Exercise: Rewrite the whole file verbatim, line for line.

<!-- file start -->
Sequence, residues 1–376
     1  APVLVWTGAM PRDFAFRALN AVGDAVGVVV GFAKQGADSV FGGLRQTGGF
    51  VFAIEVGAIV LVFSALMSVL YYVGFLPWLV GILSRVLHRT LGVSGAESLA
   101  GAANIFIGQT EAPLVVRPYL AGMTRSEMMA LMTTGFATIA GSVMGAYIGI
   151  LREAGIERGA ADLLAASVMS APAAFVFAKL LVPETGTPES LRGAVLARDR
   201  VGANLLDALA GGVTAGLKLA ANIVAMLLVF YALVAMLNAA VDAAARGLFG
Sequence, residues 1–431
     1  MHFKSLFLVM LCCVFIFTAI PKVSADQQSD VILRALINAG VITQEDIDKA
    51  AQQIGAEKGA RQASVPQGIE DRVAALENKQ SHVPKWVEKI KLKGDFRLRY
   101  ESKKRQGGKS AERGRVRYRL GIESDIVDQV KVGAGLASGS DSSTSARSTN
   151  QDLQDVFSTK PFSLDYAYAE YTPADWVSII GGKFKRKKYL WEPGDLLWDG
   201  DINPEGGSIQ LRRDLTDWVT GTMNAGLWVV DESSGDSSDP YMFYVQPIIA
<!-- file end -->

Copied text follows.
Sequence, residues 1–376
     1  APVLVWTGAM PRDFAFRALN AVGDAVGVVV GFAKQGADSV FGGLRQTGGF
    51  VFAIEVGAIV LVFSALMSVL YYVGFLPWLV GILSRVLHRT LGVSGAESLA
   101  GAANIFIGQT EAPLVVRPYL AGMTRSEMMA LMTTGFATIA GSVMGAYIGI
   151  LREAGIERGA ADLLAASVMS APAAFVFAKL LVPETGTPES LRGAVLARDR
   201  VGANLLDALA GGVTAGLKLA ANIVAMLLVF YALVAMLNAA VDAAARGLFG
Sequence, residues 1–431
     1  MHFKSLFLVM LCCVFIFTAI PKVSADQQSD VILRALINAG VITQEDIDKA
    51  AQQIGAEKGA RQASVPQGIE DRVAALENKQ SHVPKWVEKI KLKGDFRLRY
   101  ESKKRQGGKS AERGRVRYRL GIESDIVDQV KVGAGLASGS DSSTSARSTN
   151  QDLQDVFSTK PFSLDYAYAE YTPADWVSII GGKFKRKKYL WEPGDLLWDG
   201  DINPEGGSIQ LRRDLTDWVT GTMNAGLWVV DESSGDSSDP YMFYVQPIIA